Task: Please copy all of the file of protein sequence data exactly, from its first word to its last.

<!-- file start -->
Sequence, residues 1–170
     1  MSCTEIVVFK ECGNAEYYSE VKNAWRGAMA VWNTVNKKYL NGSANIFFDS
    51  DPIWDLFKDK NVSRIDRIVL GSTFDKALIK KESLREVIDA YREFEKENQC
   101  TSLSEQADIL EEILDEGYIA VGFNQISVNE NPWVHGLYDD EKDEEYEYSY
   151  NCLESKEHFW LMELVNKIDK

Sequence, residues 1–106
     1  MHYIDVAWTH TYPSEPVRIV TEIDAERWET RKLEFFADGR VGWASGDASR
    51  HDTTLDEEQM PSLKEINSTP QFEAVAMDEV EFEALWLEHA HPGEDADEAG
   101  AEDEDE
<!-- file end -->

Sequence, residues 1–170
     1  MSCTEIVVFK ECGNAEYYSE VKNAWRGAMA VWNTVNKKYL NGSANIFFDS
    51  DPIWDLFKDK NVSRIDRIVL GSTFDKALIK KESLREVIDA YREFEKENQC
   101  TSLSEQADIL EEILDEGYIA VGFNQISVNE NPWVHGLYDD EKDEEYEYSY
   151  NCLESKEHFW LMELVNKIDK

Sequence, residues 1–106
     1  MHYIDVAWTH TYPSEPVRIV TEIDAERWET RKLEFFADGR VGWASGDASR
    51  HDTTLDEEQM PSLKEINSTP QFEAVAMDEV EFEALWLEHA HPGEDADEAG
   101  AEDEDE